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TOPIC: THE CELL
- Cell as a living unit of an organism
- Forms in which cells exist
- The cell structure and functions
- Cell theory
- Differences and similarities between plants and animal cells
Sub–Topic 1: CELL AS A LIVING UNIT
The cell is defined as the simplest, the smallest and basic unit of life. It is the structural and functional unit of a living organism. The cell can carry out all life activities such as feeding, respiration, movement etc.
Classification of Living Things Based on The Number of Cells
All living things are classified into two major groups depending on the number of cells they possess. These groups are:
- Unicellular or Acellular organism: Organisms which consist of only one cell e.g. Amoeba, Paramecium, Chlamydomonas and Euglena.
- Multicellular Organisms: Organisms which consist of two or more cells, e.g. Hydra, Flowering plants, Fish, Bird, Man etc.
Sub–Topic 2: FORMS IN WHICH LIVING CELLS EXIST
Living cells exist basically in four forms;
- As single and free living organisms: These are organisms which possess only one cell and are able to live freely on their own. The single cell carries out all life processes such as feeding. Euglena, etc. Parts of the cell may be specialized to carry out a particular process, for example Paramecium.
Paramecium is a fresh-water protozoan. It lives in ponds and puddles and feeds mainly on bacteria. It is often described as having a slipper shape and is about 0.25mm long. It has a stiff outer-covering called the pellicle which gives it a fixed shape. Its cytoplasm is divided into a clear outer layer called the ectoplasm and a granular inner layer called the endoplasm.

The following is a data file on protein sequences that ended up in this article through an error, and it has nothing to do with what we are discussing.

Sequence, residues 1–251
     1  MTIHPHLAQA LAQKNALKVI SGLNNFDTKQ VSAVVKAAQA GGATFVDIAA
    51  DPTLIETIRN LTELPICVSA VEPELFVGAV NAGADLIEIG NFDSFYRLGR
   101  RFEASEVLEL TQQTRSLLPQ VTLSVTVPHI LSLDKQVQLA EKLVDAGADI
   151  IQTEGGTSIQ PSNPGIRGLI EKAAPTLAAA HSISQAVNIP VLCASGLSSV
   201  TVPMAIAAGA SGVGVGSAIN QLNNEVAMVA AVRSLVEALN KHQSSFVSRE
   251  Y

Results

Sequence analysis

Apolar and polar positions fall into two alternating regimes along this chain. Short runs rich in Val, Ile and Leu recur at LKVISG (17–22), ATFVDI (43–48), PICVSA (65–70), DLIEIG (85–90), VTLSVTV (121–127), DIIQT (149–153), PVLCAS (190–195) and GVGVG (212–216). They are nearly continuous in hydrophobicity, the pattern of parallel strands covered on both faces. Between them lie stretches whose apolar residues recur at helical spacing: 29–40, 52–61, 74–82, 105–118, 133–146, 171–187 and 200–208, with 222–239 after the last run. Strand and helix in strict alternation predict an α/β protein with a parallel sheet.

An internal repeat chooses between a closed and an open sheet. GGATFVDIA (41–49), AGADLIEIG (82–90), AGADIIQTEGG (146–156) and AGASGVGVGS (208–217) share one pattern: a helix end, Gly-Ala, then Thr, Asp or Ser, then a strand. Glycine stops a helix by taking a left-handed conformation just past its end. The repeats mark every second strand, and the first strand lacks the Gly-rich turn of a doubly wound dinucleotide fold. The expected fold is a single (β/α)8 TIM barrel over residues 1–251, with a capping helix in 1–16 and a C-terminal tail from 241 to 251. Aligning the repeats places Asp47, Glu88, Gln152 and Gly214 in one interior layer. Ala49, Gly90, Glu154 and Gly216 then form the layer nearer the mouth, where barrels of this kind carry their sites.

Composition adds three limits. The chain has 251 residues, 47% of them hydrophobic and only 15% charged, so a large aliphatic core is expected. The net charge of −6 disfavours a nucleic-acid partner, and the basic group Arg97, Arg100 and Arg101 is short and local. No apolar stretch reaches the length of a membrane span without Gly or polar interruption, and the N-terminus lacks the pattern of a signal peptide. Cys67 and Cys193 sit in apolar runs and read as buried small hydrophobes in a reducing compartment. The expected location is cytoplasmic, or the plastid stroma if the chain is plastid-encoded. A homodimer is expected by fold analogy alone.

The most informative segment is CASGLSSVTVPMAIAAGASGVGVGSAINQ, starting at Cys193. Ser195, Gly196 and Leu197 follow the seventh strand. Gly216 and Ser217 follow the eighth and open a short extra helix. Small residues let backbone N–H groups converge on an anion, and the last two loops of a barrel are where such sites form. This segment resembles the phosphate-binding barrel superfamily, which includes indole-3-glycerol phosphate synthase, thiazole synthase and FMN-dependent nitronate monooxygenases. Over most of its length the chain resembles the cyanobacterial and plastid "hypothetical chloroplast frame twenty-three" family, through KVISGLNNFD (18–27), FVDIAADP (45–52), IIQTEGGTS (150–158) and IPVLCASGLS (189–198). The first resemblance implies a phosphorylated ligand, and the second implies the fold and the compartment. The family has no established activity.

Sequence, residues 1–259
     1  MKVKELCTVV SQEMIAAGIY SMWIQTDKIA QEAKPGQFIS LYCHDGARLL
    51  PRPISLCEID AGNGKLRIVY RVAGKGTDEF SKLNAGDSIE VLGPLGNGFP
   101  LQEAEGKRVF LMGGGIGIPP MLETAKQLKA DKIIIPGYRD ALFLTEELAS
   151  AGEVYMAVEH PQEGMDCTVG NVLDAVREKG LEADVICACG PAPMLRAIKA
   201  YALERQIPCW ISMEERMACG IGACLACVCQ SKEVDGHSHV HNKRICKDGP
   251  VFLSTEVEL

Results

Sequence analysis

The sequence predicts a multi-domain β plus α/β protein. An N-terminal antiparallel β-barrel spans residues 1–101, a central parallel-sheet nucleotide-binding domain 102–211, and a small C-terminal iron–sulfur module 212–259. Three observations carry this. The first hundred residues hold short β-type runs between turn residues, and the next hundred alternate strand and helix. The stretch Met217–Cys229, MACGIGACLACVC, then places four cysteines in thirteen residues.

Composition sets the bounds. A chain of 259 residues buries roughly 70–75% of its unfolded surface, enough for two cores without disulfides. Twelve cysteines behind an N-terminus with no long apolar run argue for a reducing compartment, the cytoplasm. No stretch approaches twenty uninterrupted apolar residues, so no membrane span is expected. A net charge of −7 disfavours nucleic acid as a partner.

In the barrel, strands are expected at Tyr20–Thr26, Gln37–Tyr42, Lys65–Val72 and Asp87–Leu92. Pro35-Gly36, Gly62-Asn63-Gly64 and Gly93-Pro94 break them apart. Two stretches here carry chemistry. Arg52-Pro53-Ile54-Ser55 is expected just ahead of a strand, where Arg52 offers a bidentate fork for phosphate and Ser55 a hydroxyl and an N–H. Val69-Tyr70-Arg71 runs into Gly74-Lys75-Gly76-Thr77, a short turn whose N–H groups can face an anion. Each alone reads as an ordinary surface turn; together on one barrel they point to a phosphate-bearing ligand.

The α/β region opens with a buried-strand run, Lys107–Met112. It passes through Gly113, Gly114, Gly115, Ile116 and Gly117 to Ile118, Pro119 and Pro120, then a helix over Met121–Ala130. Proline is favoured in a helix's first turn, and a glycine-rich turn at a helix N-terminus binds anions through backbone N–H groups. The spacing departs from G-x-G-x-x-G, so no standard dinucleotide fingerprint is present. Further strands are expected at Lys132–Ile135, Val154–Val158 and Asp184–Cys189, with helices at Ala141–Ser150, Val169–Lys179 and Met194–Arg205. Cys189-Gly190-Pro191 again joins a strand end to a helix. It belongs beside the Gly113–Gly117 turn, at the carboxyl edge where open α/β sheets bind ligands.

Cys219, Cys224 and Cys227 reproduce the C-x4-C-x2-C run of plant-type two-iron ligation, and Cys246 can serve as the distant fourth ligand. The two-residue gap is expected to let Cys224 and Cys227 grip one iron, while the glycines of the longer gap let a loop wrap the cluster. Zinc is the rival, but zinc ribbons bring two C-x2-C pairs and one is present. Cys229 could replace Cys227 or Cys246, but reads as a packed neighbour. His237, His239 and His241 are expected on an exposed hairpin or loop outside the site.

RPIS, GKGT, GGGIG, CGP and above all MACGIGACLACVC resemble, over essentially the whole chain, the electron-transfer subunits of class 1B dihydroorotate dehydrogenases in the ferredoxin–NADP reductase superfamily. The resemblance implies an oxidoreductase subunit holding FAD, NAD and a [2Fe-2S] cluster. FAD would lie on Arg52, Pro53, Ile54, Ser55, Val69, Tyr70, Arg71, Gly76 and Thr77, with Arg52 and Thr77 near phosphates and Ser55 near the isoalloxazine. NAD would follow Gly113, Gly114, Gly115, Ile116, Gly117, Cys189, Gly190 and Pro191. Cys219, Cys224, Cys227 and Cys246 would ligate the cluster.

The endoplasm contains several food vacuoles, two contractile vacuoles and two nuclei. The larger one called the meganucleus and the smaller one the micronucleus. It moves (swims) in the water by means of cilia. The cilia are tiny projections of the ectoplasm through the pellicle. The oral groove and gullet are specialized for feeding, while the contractile vacuole is specialized for water regulation.
- As a colony: A colony consists of many similar cells which are joined together. E.g. Volvox, Pandorina, etc. Diagram of volvox
- As a filament: This consists of many similar or identical cells joined end to end to form unbranched filaments. e.g. spirogyra, zygnema, oscillatoria and oedogonium. Each cell in a colony or filament behaves as an individual. Each carries out life processes independently of its neighbours.
- As a part of a living multicellular organism: In multicellular organism cells which perform the same function are grouped together to form a tissue, e.g. tissues of the ileum wall, the retina, and the blood (a tissues which perform a specific function form an organ and a group of organism working together to perform a specific task form a system.
SUB-TOPIC 3: CELL STRUCTURE AND FUNCTIONS
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